Shafrira Goldwasser, CSAIL theory professor, is a 2010 recipient of the Benjamin Franklin Medal in Computer and Cognitive Science. The award recognizes her study of cryptography, which has led to significant improvements in Internet security.
CSAIL PI Berthold Horn has just received IEEE’s Azriel Rosenfeld Life Time Achievement Award. Founded in 2007, the award is meant to honor those who have made significant contributions to the field of computer vision over the course of longtime careers.
CSAIL PI Tim Berners-Lee, along with MIT Professor Robert Langer, was honored for the Millennium Prize Award at a forum and dinner at the Finnish Embassy. Each researcher discussed his work and views on advances in his respective field on Thursday, October 8th before a large group of technology and policy leaders.
This fall as the Institute begins another academic year, CSAIL does so with a number of promotions and new appointments. The Executive Committee of the MIT Corporation approved all changes effective July 1; we are sure that they will only serve to deepen and strengthen the lab’s base of talent.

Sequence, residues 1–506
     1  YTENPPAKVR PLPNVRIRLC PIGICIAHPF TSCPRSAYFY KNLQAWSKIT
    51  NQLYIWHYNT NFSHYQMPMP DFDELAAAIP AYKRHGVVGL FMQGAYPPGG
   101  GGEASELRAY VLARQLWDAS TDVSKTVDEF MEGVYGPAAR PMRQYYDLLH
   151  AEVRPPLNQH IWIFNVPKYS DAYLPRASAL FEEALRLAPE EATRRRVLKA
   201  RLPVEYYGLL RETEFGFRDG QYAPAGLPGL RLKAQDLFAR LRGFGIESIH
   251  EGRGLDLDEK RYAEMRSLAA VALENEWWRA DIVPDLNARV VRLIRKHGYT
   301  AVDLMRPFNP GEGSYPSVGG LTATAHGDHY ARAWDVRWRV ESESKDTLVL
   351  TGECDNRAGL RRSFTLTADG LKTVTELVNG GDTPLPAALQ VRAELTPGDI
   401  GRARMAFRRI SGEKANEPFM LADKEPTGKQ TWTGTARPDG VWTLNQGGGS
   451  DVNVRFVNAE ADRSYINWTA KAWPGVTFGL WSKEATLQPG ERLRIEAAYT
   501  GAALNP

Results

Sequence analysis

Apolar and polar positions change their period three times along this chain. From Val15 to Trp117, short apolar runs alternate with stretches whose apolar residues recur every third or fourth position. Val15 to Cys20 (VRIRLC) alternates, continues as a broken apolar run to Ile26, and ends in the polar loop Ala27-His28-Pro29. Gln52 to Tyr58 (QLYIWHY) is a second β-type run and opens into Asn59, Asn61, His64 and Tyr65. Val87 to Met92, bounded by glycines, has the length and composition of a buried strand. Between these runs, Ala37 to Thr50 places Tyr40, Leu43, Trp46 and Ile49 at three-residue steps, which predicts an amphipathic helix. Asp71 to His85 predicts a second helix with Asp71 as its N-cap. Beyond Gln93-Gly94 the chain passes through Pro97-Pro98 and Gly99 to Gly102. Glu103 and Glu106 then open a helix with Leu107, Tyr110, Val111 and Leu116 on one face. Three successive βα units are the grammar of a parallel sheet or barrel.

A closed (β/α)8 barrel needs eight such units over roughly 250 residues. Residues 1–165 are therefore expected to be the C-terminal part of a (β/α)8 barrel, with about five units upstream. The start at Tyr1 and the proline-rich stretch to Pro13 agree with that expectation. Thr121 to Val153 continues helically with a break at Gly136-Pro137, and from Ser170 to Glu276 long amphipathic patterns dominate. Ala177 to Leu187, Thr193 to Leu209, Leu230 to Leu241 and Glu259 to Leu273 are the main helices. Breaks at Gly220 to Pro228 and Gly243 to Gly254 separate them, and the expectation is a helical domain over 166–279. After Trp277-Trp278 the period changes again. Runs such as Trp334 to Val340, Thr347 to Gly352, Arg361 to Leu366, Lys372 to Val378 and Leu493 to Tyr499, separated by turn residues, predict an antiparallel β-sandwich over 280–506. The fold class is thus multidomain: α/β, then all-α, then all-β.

In a recent edition of The Economist, Ginkgo BioWorks was profiled as one of a handful of companies spurring biotechnological innovation. The iGem competition, which is also administered through the lab, was similarly cited as a model for understanding the path that biological engineering projects may take in the future.
CSAIL PI Nancy Lynch has been awarded this year’s Emanuel R. Piore Award. Administered by the IEEE, the award is intended to reward outstanding achievement in the field of information processing. This year, the award was given in recognition of Lynch’s contributions to foundations of distributed and concurrent computing.
In the wake of Edward Kennedy’s death on Tuesday, Massachusetts is dealing with the loss of one of its most outsize figures. In addition to being a politician and scion of the nation’s most iconic family, Kennedy also had a quiet history of advocacy that spread across the country and the world – and may be one of his greatest legacies.